HOME    BOOKS   ONE-DAY COURSE   ET NOTEBOOKS   SCULPTURE   PRINTS   POSTERS, GRAPH PAPER   ABOUT ET 
  CART

 

All 4 books by Edward Tufte now in
paperback editions, $100 for all 4
Visual Display of Quantitative Information
Envisioning Information
Visual Explanations
Beautiful Evidence
Paper/printing = original clothbound books.
Only available through ET's Graphics Press:
catalog + shopping cart
Edward Tufte e-books
Immediate download to any computer
connected to the internet:
La représentation de l'information
quantitative 200 pages $12
La Representación Visual de Información
Cuantitativa 200 páginas $12
Visual and Statistical Thinking $2
The Cognitive Style of Powerpoint $2
Seeing Around + Feynman Diagrams $2
Data Analysis for Politics and Policy $2
catalog + shopping cart
Edward Tufte one-day course,
Presenting Data and Information
San Francisco, February 9, 10, 11
San Jose, February 13
Arlington, March 31
Washington, April 1, 2
Plagiarism detection in PowerPoint presentations

The unattributed and substantial use of the words of others is plagiarism.
Colleges, newspapers, and some businesses have codes of behavior for defining and punishing plagiarism.
Presumably these standards apply to PowerPoint presentations.

Shown below are two sets of selected slides from PowerPoint stylesheets from the Harvard School of Public Health and from the Health Science Center at the University of Florida.

Perhaps the two sets have a common source, or one borrowed from the other.















The more general issues for this thread are:
How can PowerPoint plagiarism be detected?
What is the extent of PowerPoint plagiarism?
What should be done?
How are acknowledgements to the work of others to be made in PowerPoint?
Should the presenter say at the beginning of the presentation, "Today in slides 3-10 and 22-34, I'm reading aloud from bullet grunts prepared by so-and-so"?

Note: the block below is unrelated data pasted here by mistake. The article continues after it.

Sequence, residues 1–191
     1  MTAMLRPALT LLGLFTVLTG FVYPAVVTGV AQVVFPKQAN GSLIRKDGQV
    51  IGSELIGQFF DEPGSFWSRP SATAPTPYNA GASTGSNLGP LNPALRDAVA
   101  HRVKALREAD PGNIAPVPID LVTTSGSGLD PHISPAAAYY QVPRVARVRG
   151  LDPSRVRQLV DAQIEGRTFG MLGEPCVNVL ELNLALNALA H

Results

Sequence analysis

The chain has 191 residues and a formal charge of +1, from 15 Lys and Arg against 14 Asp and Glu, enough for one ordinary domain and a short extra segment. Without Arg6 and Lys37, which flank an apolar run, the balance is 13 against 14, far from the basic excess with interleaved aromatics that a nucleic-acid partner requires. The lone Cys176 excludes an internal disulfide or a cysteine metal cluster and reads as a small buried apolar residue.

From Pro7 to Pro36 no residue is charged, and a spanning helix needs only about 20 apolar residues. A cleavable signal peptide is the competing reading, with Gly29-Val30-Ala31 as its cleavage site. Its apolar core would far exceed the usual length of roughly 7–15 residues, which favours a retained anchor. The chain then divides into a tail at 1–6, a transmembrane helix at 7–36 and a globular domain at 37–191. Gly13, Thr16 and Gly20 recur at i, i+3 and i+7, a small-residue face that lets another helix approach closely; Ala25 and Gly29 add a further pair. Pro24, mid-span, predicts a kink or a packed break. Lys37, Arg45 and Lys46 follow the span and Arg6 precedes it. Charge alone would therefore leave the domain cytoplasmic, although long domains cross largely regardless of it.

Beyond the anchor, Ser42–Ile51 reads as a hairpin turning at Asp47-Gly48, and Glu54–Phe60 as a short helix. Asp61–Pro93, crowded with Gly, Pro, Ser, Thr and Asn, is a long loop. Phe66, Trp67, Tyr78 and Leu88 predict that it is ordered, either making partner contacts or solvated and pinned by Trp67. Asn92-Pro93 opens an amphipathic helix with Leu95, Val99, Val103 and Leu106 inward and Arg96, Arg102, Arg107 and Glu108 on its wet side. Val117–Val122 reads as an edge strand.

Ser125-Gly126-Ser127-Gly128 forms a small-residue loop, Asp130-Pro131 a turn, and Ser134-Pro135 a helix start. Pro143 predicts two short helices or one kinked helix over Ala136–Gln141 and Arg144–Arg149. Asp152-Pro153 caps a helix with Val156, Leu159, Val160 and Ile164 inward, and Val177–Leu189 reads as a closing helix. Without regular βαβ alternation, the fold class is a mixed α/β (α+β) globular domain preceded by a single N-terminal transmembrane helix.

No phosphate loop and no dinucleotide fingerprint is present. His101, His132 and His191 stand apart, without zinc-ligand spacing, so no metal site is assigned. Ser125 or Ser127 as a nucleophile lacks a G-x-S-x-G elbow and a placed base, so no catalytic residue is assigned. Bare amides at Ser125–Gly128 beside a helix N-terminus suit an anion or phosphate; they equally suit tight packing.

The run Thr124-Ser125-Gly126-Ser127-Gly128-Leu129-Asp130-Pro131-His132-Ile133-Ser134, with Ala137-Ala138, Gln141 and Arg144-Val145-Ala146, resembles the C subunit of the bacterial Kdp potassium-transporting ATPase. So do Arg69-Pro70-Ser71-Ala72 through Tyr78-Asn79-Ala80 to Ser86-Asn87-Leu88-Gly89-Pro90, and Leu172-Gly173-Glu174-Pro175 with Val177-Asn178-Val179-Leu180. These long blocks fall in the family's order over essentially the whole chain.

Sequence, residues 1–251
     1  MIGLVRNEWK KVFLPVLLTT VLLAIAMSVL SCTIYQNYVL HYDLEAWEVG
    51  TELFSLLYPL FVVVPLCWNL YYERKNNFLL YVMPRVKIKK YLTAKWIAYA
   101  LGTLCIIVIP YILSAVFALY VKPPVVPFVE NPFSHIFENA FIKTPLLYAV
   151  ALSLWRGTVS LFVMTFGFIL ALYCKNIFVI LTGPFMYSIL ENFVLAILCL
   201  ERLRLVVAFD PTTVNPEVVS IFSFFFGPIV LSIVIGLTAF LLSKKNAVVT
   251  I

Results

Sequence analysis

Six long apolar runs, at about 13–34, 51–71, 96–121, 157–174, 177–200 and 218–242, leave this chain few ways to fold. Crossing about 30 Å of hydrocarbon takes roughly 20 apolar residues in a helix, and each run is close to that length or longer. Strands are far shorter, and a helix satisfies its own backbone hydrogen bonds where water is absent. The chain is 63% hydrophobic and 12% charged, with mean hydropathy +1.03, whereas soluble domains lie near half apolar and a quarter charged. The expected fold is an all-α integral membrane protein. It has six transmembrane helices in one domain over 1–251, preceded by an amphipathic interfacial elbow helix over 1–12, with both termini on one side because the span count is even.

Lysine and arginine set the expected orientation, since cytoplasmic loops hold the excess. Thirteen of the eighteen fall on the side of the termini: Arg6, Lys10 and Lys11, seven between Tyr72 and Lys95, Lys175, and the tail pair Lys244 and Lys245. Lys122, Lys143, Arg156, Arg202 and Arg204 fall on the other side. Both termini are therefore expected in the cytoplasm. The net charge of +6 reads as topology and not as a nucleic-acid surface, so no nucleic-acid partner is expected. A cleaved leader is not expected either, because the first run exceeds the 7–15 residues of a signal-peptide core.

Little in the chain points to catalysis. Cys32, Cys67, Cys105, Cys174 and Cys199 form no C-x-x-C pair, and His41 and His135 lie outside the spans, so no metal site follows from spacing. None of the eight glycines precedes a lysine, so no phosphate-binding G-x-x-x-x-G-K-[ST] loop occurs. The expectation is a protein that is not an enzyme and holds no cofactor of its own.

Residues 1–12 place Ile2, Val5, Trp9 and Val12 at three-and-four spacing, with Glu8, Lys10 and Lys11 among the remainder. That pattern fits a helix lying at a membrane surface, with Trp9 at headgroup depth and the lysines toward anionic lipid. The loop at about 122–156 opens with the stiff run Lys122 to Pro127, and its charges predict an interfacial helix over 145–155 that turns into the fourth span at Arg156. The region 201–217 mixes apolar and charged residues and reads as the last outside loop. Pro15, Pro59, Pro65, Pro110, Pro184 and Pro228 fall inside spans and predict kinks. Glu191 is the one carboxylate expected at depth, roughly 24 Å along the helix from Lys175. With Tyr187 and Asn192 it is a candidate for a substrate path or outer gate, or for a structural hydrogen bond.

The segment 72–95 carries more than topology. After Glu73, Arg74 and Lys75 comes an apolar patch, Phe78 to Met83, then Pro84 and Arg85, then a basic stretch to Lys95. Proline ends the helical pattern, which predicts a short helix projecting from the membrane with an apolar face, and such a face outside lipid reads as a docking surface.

What about a teacher who closely follows or reads aloud slides provided by educational bureaucracies or by publishers whose textbook the teacher has adopted?

The general idea is that, if PP is a serious presentation method, then the usual methods of validation and source credibility should be applied to PP presentations.
Maybe a built-in PP plagiarism checker could be a feature in MS Office 2009.

-- Edward Tufte


One test of copying is the duplication of idiosyncratic elements, such as typography or mistakes.
Above, the common use of capital X for "by," the mash-up and grotesque mistakes concerning "sans" and "san" serif type,
and capital S in "Sans" and "San" are all giveaways.

Recall that "sans" means "without;" thus sans serif typefaces are without serifs.

And San Serif is a fast-growing suburb near San Jose.

-- Edward Tufte


Can the plagiarism detection machines that are used by colleges to check student papers also process PP decks?
For example, could the Harvard deck and the Florida deck be run through separately to detect overlaps with one another and with others?
We lack the leverage present in the case of student papers, which were turned in after everything else was already up on the internet.
Which came first, the Harvard or the Florida deck? Or was there a third, even earlier deck?
The full decks can be found at

Harvard School of Public Health:
Google on the following and go to the first link shown by Google:
www.unibz.it/web4archiv/ objects/inf_downloads/guidelines.ppt

University of Florida Health Science Center:
Google on the following phrase, including the quote marks shown: Florida HSC "use san"
and go to the first link shown by Google.
Can a Kindly Contributor please simplify these links?

-- Edward Tufte


Plagiarism detection software

There has been a lot of discussion among teachers of writing regarding plagiarism detection services like Turnitin.com. Sites like this one keep students' papers in a database, and, when new papers are submitted to the service, they are checked against this record for fraud--which is reported as the percentage of the paper that has been plagiarized-- and then added to the database themselves. Some critics feel that this practice violates the students' copyright of their work and encourages bad practices--like foregrounding the effort to "catch" students doing wrong--on the part of teachers. Grand Valley State University has a page listing some of critiques of plagiarism detection software.

The main question, I think, is do we want our main focus when consuming presentations (or any text) to be plagiarism? Certainly it is important, but in most situations I would think that it would be less important than accuracy of data. As Cameroon points out, even in cases where there is overt "plagiarism," the work of the presenter can end up overshadowing the primary material. Perhaps the major plagiarism concern for information consumers is that it is indicative of a tendency to be opaque with sources, when, ideally, sources of information should be open so that their merits can be debated.

-- John Jones (email)